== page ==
What Trump Is Up Against

A lot of people are thinking—and hoping—that Trump will be the third term of Ronald Reagan. Certainly his cabinet is to the right of Reagan’s first cabinet in many ways, and we have the experience of the Reagan years to appreciate better the massive opposition of what people are starting to call the “deep state,” a more accurate term perhaps for the menacing character of the administrative state.

I stumbled across a speech Reagan gave in 1977 that states the modern problem very well:

But how much are we to blame for what has happened? Beginning with the traumatic experience of the Great Depression, we the people have turned more and more to government for answers that government has neither the right nor the capacity to provide. But government, as an institution, always tends to increase in size and power, not just this government—any government. It’s built-in. And so government attempted to provide the answers.

The result is a fourth branch added to the traditional three of executive, legislative, and judicial: a vast federal bureaucracy that’s now being imitated in too many states and too many cities, a bureaucracy of enormous power which determines policy to a greater extent than any of us realize, very possibly to a greater extent than our own elected representatives. And it can’t be removed from office by our votes.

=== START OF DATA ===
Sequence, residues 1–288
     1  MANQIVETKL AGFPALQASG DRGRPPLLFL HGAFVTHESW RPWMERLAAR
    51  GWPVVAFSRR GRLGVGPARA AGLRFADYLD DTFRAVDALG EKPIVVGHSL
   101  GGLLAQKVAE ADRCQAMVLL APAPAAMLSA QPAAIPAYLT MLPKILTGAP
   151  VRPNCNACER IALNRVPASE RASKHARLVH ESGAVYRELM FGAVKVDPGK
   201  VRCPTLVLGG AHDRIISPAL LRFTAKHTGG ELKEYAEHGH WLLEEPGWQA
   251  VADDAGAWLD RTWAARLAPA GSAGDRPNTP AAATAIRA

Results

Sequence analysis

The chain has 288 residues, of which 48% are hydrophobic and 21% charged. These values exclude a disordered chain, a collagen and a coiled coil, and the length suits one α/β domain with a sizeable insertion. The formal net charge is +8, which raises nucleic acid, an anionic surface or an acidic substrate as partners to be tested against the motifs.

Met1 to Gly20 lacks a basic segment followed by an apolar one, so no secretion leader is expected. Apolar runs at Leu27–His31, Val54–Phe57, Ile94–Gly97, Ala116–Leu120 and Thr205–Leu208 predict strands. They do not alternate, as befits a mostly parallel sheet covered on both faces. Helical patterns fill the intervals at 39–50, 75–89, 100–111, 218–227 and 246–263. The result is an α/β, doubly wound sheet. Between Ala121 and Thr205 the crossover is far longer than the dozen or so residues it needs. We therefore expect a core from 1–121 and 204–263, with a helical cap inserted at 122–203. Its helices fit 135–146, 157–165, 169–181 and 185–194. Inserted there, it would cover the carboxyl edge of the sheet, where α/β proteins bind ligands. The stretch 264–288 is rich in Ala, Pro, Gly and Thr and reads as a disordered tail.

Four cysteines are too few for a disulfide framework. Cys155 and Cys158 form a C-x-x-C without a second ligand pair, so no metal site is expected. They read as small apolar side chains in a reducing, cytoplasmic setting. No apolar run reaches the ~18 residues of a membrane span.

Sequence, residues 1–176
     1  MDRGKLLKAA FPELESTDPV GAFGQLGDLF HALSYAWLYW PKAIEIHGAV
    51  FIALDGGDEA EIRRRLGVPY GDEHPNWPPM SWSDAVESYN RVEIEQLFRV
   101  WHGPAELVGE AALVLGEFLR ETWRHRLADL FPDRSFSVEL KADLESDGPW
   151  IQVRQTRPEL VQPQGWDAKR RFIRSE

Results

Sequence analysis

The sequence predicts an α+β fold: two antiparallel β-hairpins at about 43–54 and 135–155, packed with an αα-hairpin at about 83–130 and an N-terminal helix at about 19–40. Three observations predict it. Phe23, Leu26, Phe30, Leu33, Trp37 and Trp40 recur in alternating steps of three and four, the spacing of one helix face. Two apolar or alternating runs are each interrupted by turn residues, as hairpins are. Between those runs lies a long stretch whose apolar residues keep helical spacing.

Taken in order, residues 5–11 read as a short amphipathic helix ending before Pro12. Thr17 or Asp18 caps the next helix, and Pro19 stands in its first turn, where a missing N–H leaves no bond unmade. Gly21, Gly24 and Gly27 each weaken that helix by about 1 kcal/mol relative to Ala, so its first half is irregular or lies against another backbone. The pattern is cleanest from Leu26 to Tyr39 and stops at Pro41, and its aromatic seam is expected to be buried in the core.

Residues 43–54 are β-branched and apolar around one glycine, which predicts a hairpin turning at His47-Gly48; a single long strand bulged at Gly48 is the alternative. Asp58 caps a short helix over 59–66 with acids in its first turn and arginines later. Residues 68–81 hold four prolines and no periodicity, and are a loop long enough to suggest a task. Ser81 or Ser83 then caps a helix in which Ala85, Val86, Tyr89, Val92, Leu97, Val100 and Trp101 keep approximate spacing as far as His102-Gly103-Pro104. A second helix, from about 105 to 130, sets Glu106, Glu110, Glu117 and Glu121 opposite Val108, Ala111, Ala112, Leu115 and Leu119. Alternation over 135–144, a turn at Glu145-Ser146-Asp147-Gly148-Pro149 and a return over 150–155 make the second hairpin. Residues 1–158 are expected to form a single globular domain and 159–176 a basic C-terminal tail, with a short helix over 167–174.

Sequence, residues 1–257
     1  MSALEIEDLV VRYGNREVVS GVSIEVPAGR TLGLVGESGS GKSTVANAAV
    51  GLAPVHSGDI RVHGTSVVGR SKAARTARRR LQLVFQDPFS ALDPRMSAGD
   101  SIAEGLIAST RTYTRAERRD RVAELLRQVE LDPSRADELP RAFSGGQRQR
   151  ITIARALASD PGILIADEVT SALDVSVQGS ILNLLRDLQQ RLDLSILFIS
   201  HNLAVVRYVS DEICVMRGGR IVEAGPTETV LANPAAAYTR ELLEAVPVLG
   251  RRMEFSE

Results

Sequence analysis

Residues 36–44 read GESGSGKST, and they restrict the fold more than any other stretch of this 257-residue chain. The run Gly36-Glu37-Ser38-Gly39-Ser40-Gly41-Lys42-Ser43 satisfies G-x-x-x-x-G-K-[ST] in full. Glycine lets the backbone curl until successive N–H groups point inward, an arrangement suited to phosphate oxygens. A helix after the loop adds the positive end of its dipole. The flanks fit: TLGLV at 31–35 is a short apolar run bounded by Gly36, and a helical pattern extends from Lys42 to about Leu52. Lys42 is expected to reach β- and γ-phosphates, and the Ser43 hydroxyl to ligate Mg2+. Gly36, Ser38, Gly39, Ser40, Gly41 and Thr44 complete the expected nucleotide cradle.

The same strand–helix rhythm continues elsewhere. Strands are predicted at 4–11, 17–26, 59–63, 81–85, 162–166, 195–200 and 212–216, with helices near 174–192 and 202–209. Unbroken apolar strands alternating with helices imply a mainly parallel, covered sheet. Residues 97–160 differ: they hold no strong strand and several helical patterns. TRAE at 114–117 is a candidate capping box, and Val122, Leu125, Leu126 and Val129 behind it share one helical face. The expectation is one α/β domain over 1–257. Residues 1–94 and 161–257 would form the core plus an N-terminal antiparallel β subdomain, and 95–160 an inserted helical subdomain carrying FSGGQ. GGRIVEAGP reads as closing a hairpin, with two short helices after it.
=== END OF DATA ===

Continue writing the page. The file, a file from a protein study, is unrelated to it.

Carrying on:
The last sentence here raises the central issue of Trump and Trumpism. The administrative state has dug in even more deeply since the Reagan years (a process that really started under Nixon, but that’s a long story for another time), and will be even harder to root out now.

Tevi Troy offers an important survey and tour of the scene in the current issue of Commentary, “Will There Be An Internal Revolt Against Trump?” Tevi very nicely gives a shout out a key line in my forthcoming book: “That bureaucratic government is the partisan instrument of the Democratic Party is the most obvious, yet least remarked upon, trait of our time.” Tevi goes through all the tricks bureaucrats use to frustrate a president or cabinet member it disagrees with. A useful primer that every Trump appointee ought to read.

My favorite example is one I have been saying for years:

An obstinate employee can’t be fired, as we have seen, but can be offered a job at the same level in North Dakota or another distant state. This does not have to be done too often before the word spreads that the politicals know how to use the tools at their disposal and that they are willing to employ them.

Forget North Dakota. I think Trump should build a large federal building in Nome, Alaska, and send as many DC bureaucrats there as possible.